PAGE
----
Examination of Regional Wind Trends Due to Global Climate Change to Improve Wind Resource Assessments
John W. Zack, Meso, Inc., Troy, NY; and G. E. Van Knowe and K. T. Waight III
In order to properly site arrays of wind turbines to achieve optimal wind power generation, estimation of the future mean wind speed for a given location is essential. In order to meet this need in the wind power energy, high-resolution spatial maps of the wind climatology have been created using climatological data and high-resolution numerical models. However, there is evidence that solely using climatological information as the basis of siting future wind turbines may not be a sound one because of the regional impacts of a changing global climate. It is now a well-accepted conclusion that the earth has become warmer over the last century. The Intergovernmental Panel on Climate Change (IPCC), (established by World Meteorological Organization (WMO) and United Nations Environment Programme (UNEP) to monitor climate), estimated the average surface temperature of the earth has increased during the last hundred years by about 0.6° ± 0.2°C. It is also generally accepted that at least part of this warming is due to the increase in greenhouse gasses emissions, primarily CO2. The scientific disagreements that do still exist primarily concern detailed aspects of the processes that make up these largely accepted general themes. The impacts of these warming trends are currently not being taken into account when examining wind power potential for a region.
The evidence for changing wind patterns because of global warming is consistent with theory. The generally accepted scenario for global warming is that the greatest impact will be the warming of the polar regions. The primary energy source for generating winds in the midlatitudes is the difference in temperatures between the polar and tropical airmasses. In theory, the reduction of the thermal difference between the polar regions and tropics should reduce the mean midlatitude wind speeds. There have been anecdotal wind trend studies done at a few locations that indicate that this may indeed be happening.
Even though the anecdotal wind studies tend to support the idea that wind speeds are decreasing in accordance with the theory of global warming, the impact of urbanization of an area could mimic this same trend. Wind speed is greatly reduced in urban areas versus open areas. The reduction in speed is typically on the order of 60% from a fully rural to fully urban land use. Also, the amount of reduction depends on the season. For example, trees in summer would tend to have more of a reduction effect than in the winter. It is possible that apparent changes in wind patterns are not actually due to global climate change but rather due to region changes in land use from rural forests and open fields to being highly urbanized.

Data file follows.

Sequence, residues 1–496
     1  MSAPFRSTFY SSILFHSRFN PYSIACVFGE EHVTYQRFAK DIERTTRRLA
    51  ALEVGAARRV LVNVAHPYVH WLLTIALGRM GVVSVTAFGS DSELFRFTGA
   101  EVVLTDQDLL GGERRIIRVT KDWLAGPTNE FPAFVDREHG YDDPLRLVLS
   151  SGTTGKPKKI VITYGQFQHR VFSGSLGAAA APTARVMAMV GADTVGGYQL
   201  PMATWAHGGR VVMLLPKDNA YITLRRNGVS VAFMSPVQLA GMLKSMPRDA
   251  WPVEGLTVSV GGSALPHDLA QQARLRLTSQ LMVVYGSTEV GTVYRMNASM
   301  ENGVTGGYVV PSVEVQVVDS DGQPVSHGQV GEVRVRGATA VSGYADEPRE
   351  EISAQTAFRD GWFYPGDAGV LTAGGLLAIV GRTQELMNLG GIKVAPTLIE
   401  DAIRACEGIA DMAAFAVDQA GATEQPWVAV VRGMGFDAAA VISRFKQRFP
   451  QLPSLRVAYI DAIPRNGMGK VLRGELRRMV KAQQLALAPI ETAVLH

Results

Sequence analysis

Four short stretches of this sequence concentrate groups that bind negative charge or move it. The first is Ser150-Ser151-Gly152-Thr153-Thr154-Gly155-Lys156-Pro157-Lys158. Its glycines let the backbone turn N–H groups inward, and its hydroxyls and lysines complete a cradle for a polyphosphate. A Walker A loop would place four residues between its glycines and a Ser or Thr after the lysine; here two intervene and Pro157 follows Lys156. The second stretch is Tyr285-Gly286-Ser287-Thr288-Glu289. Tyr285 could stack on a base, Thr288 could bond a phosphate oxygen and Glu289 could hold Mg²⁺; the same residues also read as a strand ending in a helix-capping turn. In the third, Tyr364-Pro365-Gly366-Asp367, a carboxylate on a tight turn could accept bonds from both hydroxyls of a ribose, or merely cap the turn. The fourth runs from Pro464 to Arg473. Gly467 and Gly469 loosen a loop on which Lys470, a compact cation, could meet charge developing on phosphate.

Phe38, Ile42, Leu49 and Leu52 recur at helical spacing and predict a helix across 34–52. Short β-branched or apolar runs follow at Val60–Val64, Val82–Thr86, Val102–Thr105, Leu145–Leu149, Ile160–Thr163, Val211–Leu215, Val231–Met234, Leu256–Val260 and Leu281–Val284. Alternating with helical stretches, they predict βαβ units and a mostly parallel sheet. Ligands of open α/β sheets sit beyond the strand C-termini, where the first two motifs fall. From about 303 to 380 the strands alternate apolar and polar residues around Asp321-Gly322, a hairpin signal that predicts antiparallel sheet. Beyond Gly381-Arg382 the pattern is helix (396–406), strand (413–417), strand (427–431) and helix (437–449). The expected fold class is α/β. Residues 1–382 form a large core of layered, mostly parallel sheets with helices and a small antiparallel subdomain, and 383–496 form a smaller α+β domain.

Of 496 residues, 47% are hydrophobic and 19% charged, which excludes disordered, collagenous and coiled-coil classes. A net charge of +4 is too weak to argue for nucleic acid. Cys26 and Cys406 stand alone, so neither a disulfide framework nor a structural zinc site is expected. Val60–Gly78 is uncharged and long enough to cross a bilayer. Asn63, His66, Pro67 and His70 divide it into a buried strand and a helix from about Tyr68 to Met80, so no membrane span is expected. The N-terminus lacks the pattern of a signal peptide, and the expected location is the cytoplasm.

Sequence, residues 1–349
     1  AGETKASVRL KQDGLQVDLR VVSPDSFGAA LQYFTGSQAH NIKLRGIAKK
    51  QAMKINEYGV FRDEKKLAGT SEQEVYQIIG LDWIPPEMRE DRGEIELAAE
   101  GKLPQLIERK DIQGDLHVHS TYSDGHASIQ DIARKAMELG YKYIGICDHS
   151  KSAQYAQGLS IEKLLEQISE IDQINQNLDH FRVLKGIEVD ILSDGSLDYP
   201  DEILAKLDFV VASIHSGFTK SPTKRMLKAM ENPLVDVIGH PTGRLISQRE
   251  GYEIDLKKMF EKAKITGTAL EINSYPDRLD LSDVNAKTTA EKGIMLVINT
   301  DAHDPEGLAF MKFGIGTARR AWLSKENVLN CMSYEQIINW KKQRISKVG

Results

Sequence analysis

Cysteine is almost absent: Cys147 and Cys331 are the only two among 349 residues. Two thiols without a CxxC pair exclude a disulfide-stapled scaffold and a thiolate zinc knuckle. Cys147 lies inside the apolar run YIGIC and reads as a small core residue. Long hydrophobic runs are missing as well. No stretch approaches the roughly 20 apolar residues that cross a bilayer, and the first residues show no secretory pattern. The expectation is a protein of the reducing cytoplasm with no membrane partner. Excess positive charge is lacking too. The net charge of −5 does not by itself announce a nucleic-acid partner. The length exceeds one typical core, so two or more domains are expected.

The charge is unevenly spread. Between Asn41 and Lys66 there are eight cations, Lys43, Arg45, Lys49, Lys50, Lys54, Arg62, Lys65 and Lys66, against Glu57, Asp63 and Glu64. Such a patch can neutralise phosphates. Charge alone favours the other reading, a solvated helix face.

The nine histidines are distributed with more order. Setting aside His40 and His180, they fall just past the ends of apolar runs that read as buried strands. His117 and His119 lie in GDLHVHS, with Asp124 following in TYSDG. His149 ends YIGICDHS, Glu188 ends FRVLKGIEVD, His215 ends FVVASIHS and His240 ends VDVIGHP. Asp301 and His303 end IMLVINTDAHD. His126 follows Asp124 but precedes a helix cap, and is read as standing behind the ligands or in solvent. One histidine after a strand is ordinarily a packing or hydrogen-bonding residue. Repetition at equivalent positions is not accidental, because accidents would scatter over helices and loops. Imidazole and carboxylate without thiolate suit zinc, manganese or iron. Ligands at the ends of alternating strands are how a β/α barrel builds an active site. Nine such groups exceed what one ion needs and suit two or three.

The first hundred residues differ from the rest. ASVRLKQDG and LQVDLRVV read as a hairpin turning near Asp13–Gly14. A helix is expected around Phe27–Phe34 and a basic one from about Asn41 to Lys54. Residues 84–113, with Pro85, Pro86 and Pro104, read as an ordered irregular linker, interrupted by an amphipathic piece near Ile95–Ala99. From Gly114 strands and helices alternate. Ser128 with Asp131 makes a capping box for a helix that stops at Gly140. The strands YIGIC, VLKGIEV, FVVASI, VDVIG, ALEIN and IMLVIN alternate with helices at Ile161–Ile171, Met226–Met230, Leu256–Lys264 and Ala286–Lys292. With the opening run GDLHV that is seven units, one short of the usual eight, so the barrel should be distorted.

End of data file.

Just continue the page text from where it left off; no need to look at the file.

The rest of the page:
MESO as contracted by AWS TrueWind has performed basic research that analyzed the Global NCAR-NCEP Reanalysis 50+ year data set and found global trends in the wind climatologies. High resolution simulations using the MASS and WRF mesoscale models are now being run over the past 50 year period for regions that show substantial changes in wind patterns. To ensure that the climatologies produced by the models are reasonable representation of the actual climatology changes, point observation wind climatologies will then be compared with the MASS and WRF generated and Reanalysis generated climatologies for the same point.
The results will be analyzed for the significance and implications to the wind power industry from both a global and regional perspective. It is important to understand the cause of the wind trends because the siting decisions would be fundamentally different if the cause for the change is different. If the wind trends are the result of global warming, this will change the general wind patters for entire regions of the globe. However, if the cause of the wind trends is primarily due to land use changes, the effect will be more localized and there would be ways to compensate for this within a given region. It would seem to be crucial to identify such trends and the true causes of such trends to avoid wasting (1) funds and (2) effort building wind turbines in non-productive locations.
Extended Abstract (268K)
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Session 2, Climate Trends and Variability
Monday, 20 June 2005, 1:30 PM-5:30 PM, North & Center Ballroom
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